Major League Baseball meted out punishments to twenty-one players on February 28, 1986. In his press conference announcing the sanctions, Ueberroth said that ten players who were mentioned during the drug trials were forced to submit to random drug testing for the remainder of their respective careers. Eleven players were given stricter punishments. Of the eleven, the four who admitted to using cocaine— Holland, Al Al Holland, Lacy, Lee Lee Lacy, Sorensen, Larry Larry Sorensen, and Washington, Claudell Claudell Washington—received sixty-day suspensions and monetary fines of up to 5 percent of their salaries. They also were mandated to perform drug-education-related community service in their communities and had to submit to drug tests. Holland’s career ended only one year after the league sanctions. Lacy also ended his career in 1987 as a member of the Baltimore Orioles. Sorensen continued to battle his substance abuse, ended his career in 1988 with the San Francisco Giants, and served time for multiple driving-under-the-influence offenses after his playing days. Washington was traded many times and finished his career in 1990 with the Yankees.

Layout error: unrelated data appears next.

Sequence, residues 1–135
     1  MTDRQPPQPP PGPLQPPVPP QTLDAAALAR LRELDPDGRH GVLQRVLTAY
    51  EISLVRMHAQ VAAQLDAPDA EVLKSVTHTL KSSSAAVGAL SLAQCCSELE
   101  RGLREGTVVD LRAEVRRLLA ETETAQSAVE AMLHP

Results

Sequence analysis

The remaining seven players—Berra, Smith, Parker, Hernandez, Cabell, Leonard, and Joaquin Andujar—received even harsher penalties. One-year suspensions would be waived in return for 10 percent of the player’s salary, two years of community service, and mandatory drug testing for the life of their careers. Berra, a top prospect in 1977, never had a productive season, and following the drug trials he played in 1987 for the Houston Astros, where he ended his career. Leonard received the 1987 National League Championship Series MVP award for his play for the Giants and ended his career in 1990 with the Seattle Mariners. Andujar, a former All-Star pitcher, was traded many times following the drug trials and sustained several injuries; his career ended in 1988. Cabell played one more season following the drug trials with the Los Angeles Dodgers. Smith won the MLB Comeback Player of the Year Award in 1989 and had a productive career following the scandal. He is most remembered, however, for his base-running error during the 1991 World Series, in which his team, the Atlanta Braves, lost the game. He finished his career in 1994.